Here's the thing: Not only are all of these mundane things old news in this blog (except for the wedding get-up thing but anyone who's ever known me knows I'm not big on formal wear) but they're all incredibly self-serving. This blog has been a bible of "me" things since I started and that's by design. Sure, I've discussed my opinions about certain issues every now and then but, for the most part, I've always just talked about my own experiences, which is what I set out to do to begin with so I won't fault this space for that.
I do, however, feel that, as a person, I couldn't be more rotten. I recognize that I'm self-serving and self-involved but then again I'm also self-motivated, so I guess there's a balance to it... maybe... kinda...?
The thing is: I've also long considered myself charitable even if I really can't afford to be generous, so I always try to give whatever I have extra of - whether it be time, money, or clothes - to relief efforts (Ondoy and Yolanda come to mind). In my admittedly skewed view of the world, I'm already privileged and excessive (that I can afford to get into geek stuff and pursue jobs in non-essential industries is already proof enough of that) so I try as much as I can to really give forward. I'm also the kind of person who feels guilty about seeing a homeless child or elderly on the way home after having just bought a P200 shirt on a whim.
The reason I bring this up isn't to brag about my sensitivity to social injustice (though I wouldn't be humble about it either, if the situation called for it) but I do need to paint a picture of the stuff that goes on in my head to illustrate a point: That it isn't enough.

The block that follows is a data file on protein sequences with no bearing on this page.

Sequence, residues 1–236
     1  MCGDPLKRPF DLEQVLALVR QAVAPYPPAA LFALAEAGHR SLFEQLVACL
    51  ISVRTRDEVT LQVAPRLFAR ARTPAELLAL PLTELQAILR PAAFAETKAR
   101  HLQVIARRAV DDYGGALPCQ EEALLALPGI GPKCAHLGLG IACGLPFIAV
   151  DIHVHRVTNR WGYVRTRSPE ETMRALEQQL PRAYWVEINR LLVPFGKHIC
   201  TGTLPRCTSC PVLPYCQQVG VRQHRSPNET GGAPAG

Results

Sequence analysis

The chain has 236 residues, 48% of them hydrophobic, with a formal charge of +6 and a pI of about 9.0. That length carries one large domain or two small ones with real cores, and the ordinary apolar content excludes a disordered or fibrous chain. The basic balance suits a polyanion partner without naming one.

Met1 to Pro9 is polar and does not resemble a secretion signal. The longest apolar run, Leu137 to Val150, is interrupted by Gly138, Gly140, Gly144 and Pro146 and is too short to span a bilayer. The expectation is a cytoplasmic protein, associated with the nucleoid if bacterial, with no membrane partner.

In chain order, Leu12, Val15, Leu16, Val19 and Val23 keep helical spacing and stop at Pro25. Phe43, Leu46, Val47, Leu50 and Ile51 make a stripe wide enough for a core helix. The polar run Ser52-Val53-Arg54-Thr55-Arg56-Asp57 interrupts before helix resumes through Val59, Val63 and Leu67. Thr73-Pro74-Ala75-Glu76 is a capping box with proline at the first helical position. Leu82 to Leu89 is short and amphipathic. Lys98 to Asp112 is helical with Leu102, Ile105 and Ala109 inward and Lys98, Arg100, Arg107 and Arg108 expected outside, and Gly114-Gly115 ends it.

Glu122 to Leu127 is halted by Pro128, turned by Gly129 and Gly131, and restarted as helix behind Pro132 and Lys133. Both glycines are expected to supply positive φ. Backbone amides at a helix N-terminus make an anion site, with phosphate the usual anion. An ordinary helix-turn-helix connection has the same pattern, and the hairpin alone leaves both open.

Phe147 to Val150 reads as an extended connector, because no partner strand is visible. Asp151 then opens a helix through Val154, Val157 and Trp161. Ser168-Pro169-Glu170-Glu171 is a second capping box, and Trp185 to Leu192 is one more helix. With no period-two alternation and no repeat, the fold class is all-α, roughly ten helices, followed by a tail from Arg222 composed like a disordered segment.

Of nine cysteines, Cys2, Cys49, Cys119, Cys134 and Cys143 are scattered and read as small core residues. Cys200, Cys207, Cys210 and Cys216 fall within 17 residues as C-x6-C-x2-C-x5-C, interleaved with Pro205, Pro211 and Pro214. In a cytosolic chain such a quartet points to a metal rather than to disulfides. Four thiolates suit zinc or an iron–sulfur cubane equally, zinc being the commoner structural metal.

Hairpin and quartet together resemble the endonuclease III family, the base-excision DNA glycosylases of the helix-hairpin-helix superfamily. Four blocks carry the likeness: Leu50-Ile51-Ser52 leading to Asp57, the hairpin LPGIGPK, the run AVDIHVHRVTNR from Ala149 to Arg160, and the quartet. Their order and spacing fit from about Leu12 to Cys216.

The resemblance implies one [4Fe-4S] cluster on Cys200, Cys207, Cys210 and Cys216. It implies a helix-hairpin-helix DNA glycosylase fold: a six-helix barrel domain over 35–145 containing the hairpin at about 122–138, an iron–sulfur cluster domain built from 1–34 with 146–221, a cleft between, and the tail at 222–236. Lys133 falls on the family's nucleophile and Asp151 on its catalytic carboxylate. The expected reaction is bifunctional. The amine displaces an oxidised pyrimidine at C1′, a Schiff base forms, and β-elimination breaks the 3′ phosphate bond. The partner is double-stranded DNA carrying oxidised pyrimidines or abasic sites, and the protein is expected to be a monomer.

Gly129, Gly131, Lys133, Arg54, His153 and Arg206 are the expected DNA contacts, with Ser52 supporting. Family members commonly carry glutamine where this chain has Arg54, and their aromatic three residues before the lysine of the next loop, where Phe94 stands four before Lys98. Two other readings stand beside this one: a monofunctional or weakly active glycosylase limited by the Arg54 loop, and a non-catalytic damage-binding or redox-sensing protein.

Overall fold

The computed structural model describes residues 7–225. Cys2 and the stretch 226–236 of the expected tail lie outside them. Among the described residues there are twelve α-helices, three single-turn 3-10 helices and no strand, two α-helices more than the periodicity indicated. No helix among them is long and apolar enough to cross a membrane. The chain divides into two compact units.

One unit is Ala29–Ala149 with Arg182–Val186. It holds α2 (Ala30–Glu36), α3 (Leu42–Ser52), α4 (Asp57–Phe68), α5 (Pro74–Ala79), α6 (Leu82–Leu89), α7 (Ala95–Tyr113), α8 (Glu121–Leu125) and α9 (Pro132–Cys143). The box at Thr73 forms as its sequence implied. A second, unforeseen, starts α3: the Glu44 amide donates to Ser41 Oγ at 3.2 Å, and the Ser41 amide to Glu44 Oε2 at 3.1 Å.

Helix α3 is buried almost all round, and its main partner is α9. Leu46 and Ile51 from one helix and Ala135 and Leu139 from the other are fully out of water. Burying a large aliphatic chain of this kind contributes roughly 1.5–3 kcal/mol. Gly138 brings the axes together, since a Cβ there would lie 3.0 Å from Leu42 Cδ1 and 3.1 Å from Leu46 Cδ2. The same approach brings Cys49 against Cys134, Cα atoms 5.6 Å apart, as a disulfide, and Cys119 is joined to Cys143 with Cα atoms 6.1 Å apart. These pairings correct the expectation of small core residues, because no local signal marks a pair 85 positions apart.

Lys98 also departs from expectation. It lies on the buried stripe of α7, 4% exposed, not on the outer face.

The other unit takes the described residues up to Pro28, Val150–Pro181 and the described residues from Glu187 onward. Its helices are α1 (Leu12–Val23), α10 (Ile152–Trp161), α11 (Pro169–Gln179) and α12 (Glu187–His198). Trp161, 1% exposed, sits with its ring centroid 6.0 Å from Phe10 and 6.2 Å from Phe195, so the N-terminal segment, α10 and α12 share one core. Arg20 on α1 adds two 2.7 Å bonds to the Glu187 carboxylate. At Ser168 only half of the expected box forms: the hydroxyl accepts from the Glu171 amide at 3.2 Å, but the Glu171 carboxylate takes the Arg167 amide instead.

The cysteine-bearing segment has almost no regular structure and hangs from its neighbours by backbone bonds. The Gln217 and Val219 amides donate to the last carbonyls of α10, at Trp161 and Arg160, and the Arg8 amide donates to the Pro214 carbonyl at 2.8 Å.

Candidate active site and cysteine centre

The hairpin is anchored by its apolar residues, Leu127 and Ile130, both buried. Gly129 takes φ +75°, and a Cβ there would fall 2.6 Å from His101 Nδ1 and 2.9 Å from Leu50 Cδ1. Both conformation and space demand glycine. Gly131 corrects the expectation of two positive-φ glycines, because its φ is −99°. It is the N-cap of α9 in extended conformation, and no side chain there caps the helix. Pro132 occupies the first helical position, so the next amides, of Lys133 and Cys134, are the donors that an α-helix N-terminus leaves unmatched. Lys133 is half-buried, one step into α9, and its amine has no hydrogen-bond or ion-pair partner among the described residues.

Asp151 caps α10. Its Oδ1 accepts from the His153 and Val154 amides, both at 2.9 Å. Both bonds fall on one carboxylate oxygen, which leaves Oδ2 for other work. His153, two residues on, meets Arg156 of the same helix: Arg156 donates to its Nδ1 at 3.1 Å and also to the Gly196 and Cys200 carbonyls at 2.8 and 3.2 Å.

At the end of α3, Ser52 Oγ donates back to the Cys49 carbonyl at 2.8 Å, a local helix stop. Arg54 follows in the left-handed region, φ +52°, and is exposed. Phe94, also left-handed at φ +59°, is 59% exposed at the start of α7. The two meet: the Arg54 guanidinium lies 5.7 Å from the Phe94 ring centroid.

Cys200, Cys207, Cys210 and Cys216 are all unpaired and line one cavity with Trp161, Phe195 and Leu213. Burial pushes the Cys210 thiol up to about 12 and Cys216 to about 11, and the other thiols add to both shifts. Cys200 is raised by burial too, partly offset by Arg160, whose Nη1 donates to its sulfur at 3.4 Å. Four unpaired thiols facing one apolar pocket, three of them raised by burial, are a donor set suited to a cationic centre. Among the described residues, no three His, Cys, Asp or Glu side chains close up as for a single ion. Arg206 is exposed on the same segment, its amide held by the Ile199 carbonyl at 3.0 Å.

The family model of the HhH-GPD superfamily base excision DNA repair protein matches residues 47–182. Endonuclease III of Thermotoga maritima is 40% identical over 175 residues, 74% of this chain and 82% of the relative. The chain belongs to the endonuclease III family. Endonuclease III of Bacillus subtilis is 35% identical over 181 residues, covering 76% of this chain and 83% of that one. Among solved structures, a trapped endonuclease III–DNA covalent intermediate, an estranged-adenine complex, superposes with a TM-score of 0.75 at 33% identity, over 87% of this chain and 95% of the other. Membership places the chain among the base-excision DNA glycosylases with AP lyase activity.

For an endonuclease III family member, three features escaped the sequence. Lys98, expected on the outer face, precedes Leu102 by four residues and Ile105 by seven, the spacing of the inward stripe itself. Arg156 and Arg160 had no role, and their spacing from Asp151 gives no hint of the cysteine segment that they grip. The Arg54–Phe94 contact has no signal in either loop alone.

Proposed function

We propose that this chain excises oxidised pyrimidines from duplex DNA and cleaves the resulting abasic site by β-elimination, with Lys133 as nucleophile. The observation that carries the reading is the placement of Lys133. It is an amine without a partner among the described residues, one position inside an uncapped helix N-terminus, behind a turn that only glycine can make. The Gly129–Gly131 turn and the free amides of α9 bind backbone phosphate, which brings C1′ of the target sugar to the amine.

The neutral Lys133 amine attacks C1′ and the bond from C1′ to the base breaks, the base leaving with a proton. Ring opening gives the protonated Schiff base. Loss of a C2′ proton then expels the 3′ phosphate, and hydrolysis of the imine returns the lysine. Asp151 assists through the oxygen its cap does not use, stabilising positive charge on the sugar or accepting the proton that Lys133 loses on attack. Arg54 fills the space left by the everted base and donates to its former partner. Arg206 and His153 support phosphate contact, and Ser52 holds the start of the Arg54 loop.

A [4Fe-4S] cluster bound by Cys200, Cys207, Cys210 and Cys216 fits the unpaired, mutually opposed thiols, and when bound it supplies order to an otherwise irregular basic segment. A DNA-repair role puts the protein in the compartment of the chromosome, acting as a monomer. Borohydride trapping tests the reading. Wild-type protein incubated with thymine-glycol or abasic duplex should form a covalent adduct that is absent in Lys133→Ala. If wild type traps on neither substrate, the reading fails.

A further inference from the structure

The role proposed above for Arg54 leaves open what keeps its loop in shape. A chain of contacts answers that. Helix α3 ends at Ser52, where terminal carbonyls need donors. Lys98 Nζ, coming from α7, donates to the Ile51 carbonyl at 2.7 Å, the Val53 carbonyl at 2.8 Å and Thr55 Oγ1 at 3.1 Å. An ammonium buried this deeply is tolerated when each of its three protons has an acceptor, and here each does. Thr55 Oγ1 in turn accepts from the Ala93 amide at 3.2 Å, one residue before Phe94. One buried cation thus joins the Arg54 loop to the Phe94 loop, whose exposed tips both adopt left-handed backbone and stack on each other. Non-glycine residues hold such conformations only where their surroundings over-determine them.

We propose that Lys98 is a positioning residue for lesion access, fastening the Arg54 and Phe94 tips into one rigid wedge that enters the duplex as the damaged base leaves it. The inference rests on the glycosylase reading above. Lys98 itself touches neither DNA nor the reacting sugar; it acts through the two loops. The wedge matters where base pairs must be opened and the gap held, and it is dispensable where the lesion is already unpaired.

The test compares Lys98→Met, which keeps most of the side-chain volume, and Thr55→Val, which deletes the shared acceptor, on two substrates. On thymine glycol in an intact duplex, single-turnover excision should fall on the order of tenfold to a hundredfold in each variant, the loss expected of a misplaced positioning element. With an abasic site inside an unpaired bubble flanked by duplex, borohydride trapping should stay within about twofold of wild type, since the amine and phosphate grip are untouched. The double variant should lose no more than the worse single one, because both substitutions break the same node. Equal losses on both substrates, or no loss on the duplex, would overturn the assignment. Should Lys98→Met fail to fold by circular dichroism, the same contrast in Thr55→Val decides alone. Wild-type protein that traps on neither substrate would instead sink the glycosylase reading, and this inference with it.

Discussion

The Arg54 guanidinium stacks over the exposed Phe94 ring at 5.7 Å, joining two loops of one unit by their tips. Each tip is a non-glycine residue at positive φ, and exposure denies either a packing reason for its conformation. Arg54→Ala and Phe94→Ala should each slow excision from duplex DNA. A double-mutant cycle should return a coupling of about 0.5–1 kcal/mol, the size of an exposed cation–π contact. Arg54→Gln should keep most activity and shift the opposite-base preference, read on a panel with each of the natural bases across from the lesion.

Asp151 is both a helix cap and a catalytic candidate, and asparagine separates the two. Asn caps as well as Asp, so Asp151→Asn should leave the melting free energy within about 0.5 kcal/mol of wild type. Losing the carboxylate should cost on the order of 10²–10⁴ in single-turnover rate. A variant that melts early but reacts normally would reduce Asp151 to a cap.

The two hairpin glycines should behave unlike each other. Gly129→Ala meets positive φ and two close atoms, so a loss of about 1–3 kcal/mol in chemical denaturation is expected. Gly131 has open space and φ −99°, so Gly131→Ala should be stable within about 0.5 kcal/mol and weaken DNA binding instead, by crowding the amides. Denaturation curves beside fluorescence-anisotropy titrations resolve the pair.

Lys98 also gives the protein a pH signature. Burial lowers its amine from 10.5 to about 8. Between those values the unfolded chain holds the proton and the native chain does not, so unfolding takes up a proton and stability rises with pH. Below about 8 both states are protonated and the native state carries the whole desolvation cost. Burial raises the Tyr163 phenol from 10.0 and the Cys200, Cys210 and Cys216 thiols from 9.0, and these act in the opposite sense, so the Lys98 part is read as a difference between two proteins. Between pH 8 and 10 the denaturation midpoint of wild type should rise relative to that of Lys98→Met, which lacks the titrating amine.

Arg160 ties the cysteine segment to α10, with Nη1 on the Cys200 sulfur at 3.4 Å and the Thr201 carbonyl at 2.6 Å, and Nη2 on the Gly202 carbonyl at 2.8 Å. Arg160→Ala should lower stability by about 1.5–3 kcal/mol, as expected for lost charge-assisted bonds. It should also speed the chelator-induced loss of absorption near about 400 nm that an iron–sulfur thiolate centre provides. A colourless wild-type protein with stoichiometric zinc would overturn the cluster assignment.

While I've never endeavored or internalized being an activist or advocate (yes, there's a difference) for any cause, I've always thought that I would be doing something important. I never set out to be the savior of the world. I've just always thought I would be part of something that will. That's probably why I was never drawn to Superman or his all-star team but was heavily invested in the Avengers. The idea of a team of second-tier small-fries playing in the big league appealed more to my sensibilities.
Now, here's why I brought this up: For some inexplicable reason, I was beginning to get bored with social media this past week. Like I'm somehow just going through the motion and routine of checking my updates but not really invested in the experience as much as I used to be.
Then the following things happened:
Barack Obama just announced amnesty for undocumented immigrants, which gives hope for Jose Antonio Vargas (I already shared my thoughts on him and his advocacy in a previous blog) - something I care a little too much for when I'm not even remotely affected;
It's also the fifth anniversary of the Ampatuan Massacre, which I realize is a horrible event by itself - the delayed justice even more so - but I honestly don't care as much as I should about it (please don't hate me, I'm sorry);
But what got me really thinking about how removed I am from being conscious about social issues is a surprising new follower on Instagram and Twitter: Fil-Am activist Kalayaan Mendoza. It's ridiculous and twisted that it took this one small thing to realize that what I've been posting as funny or thoughtful on my social media feed is utter garbage compared to what many others are using the platform for.
The logical denouement for such a realization is to use social media to benefit social issues. However, I am also aware that "slacktivism" is a thing and I want no part of that either. So where does that leave me?
Not for the first time, I thought about leaving everything behind and joining some underground movement and take the fight out of the virtual world. Anything just to step out of myself. Maybe join an NGO or Green Peace. But I just don't have it in me. I'm too self-involved but also insecure about my own abilities that I'd likely end up a liability instead.
It's at this point that I remembered something my father once told me: "Before you help other people, you must help yourself". As an arrogantly passionate teenager with delusions of grandeur about making an impact in the world. I thought the idea perplexing, absurd, and even insensitive. I'm beginning to think that maybe he's right and maybe that's where I am in this part of my life. Maybe only once I'm perfectly fine with myself can I heed the call to assemble.